"A father carries his offspring until they are old enough to make their own way in the world, but a mother will never place any time span around the breadth of her affection or extent of her patience and will be prepared to carry her offspring until the day she dies.
No matter how far we travel in life, our mother is always with us. Just as we started off our life inside her, even when her body lies outside this world she will always live on within us. That is what makes her the gatekeeper of our inner strengths, our lighthouse of constant guidance and guardian of our souls. Even death itself cannot sever the umbilical cord that enjoined us at birth, through which mum continues to yield her genetic influence from beyond the grave. Even when mum is no longer here, she still remains in our shadow and lingers behind our every thought and breath as we see her stare straight back at us through the faces of our offspring. She makes her daily presence felt in their looks and peculiar ways, in their mannerisms and movements. She is always the first woman we loved in our lives, and along with our lifelong partners, is invariably the last!
For many a man, mum has helped pick our wives; having shaped our taste and fashioned our character without our knowledge, simply by being the mum we love. Often, we unconsciously retain that Oedipus Complex that Sigmund Freud highlighted in his lifetime's work. For instance, I have always dated shoulder-length black-haired women and would probably have turned down Marilyn Monroe without a second glance. Coincidentally, my beautiful mum had long black hair in her youth, way up until her late fifties when a few grey hairs started to gradually appear. Even many strict Irish Catholics from the land of my birth who could never give acknowledgement to the proposition of Sigmund Freud, have a propensity to place their 'Mammies' before their wives and to revere 'The Blessed Virgin' on the same level as Christ!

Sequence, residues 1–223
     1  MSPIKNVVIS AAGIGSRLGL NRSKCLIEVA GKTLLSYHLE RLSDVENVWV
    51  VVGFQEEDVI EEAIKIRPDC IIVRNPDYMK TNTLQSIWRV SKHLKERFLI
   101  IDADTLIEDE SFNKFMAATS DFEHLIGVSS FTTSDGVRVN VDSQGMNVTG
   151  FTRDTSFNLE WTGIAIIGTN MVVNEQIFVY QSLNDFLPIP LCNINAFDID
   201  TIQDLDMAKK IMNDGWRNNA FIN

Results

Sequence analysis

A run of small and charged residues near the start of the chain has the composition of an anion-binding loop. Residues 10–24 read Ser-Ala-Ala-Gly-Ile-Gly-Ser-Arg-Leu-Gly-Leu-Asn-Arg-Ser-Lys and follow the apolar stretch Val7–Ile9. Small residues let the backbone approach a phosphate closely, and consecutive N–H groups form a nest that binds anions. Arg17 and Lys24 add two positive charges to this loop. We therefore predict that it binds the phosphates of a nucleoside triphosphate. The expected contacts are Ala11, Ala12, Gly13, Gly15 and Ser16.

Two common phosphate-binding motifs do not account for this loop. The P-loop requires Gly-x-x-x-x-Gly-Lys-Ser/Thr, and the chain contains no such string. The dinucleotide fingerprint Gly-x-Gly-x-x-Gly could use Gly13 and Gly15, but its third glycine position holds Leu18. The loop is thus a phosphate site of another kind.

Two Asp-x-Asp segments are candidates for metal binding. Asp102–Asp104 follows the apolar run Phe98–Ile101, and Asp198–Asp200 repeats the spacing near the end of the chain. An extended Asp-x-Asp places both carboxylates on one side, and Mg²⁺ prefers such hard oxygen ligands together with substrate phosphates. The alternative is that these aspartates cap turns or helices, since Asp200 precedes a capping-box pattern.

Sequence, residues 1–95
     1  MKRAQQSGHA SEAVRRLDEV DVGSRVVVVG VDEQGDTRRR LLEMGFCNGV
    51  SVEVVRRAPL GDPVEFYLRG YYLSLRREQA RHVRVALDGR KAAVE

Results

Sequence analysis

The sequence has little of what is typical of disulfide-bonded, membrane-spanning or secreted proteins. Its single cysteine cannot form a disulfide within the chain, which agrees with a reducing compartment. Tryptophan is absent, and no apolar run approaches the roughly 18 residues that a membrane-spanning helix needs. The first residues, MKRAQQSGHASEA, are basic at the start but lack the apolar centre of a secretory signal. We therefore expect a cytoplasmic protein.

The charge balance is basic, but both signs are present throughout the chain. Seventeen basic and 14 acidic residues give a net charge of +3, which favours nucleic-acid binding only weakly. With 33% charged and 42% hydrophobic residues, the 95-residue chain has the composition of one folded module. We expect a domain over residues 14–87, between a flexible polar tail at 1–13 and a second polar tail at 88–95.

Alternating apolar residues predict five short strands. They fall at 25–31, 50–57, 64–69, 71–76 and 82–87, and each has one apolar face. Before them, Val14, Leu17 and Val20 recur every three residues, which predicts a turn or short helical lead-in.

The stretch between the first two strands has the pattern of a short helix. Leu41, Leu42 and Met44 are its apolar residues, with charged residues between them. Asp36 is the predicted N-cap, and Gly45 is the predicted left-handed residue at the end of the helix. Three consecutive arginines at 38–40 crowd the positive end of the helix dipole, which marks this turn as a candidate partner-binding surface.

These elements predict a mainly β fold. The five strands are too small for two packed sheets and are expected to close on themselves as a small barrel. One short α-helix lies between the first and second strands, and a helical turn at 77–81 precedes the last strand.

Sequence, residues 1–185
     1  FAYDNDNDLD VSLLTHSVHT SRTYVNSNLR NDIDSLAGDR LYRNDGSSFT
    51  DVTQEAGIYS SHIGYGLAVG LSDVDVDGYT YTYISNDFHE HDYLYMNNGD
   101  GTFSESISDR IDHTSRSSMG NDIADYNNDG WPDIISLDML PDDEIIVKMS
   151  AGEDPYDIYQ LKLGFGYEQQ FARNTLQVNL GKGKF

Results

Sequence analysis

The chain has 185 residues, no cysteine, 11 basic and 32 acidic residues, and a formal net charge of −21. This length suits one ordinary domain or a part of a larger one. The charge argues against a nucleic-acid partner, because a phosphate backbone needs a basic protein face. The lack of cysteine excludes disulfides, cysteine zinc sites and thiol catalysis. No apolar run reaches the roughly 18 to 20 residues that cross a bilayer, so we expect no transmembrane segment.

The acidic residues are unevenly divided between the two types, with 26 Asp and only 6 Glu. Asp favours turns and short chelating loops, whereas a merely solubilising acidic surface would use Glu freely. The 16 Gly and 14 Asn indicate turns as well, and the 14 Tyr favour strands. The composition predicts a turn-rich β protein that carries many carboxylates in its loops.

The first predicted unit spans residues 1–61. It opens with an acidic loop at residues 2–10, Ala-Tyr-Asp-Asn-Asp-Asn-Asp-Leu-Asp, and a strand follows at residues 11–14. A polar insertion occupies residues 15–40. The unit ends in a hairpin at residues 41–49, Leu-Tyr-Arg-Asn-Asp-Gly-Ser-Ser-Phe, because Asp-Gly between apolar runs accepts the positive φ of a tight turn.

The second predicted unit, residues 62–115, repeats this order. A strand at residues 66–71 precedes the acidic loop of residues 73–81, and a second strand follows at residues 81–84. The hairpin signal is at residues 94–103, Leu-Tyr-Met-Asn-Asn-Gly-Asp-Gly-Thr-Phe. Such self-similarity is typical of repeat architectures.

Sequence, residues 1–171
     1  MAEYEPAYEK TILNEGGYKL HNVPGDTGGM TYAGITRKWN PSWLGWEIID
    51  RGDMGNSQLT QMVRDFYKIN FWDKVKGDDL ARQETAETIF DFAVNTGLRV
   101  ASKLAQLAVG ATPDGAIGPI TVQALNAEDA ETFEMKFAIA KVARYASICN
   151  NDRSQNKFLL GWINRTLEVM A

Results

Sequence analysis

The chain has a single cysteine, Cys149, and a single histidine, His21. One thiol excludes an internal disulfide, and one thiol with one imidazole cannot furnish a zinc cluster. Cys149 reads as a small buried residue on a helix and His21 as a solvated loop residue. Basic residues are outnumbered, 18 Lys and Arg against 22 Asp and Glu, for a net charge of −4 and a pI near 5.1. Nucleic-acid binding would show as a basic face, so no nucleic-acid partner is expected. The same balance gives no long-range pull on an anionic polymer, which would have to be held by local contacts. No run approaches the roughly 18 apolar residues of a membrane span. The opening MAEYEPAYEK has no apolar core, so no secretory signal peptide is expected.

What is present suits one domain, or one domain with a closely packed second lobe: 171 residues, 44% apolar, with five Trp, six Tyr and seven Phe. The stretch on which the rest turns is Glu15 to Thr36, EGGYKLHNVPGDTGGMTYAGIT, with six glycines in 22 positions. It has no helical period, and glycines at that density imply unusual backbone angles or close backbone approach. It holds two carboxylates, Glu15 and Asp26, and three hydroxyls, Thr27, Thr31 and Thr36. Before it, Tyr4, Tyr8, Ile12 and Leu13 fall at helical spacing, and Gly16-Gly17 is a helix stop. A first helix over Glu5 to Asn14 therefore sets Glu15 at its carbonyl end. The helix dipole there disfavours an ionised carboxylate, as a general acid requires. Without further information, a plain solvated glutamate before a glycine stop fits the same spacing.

Without knowing it at the time, many a man measures his future wife to his mother's looks more than he realises, forming his present fancy and shaping his future dreams. It is not, therefore, surprising when his wife happens to have many of the physical features that his own mother once possessed in her youth when she first met his dad.
It also becomes less surprising when he says to his sweetheart, 'Are you sure we've not met before in some other life. We like the same things....and share the same values. It's uncanny....like destiny intended us to meet. You are so like me; so like the soul mate I've always hoped for.'
What he really means about his bride-to-be is, 'You are so like the mother I've always had, loved, worshipped and adored!'
Then, as our own children arrive on the scene, money and time alone with our wives becomes scarcer and tempers start to fray more easily. The once passionate nights we used to share over a pizza and a bottle of wine become gradually replaced by discussion of money shortage and the rationing of his or her activities while the financial belt is tightened. Bodies seem more tired after a hard day's work and parental patience start to wane when 11,00 pm comes around and the kids still aren't asleep. Add all of this to a decrease in intimate contact, allied to your marriage partner's increased nightly headaches, and you find the closeness you once shared nightly before your parental years of marriage has faded into distant memory, only to re-emerge at Christmas, holiday and birthday occasions, plus the occasional wedding attendance and night out on the town. All of the aforementioned sadly signals the arrival of the 'routine marriage stage'. Paradoxically, this is a much calmer time in married life when the couple now rows less often; largely because of their split duties, overall work commitments, waning energy and growing need for personal space and personal interests tend to keep them apart more than together.
This is the stage of marriage when the couple reassesses their relationship. The man starts to wonder what life would have been like had he married Jenny with her natural long black hair, instead of Julie, who had long black hair that was artificially coloured when they first met, and who, unknown to him, had been born a natural brunette! The man looks at his wife, who looked like his mother when they first met. As he looks anew at the woman he married and gradually notices her natural hair colour take root in her head once more, he sees that she no longer looks like his loving mum, but is now fast growing into the spitting image of his mother-in-law who never thought him good enough in the first place to marry 'her little girl'.
'Mummy....Mummy, where are you Mummy when I most need you? Your big boy wants a cuddle and a bit of sympathy. Nobody understands me like you do!' And the sad but simple truth for many a man, the bare fact, is that no one ever will!"
William Forde: May 14th, 2017.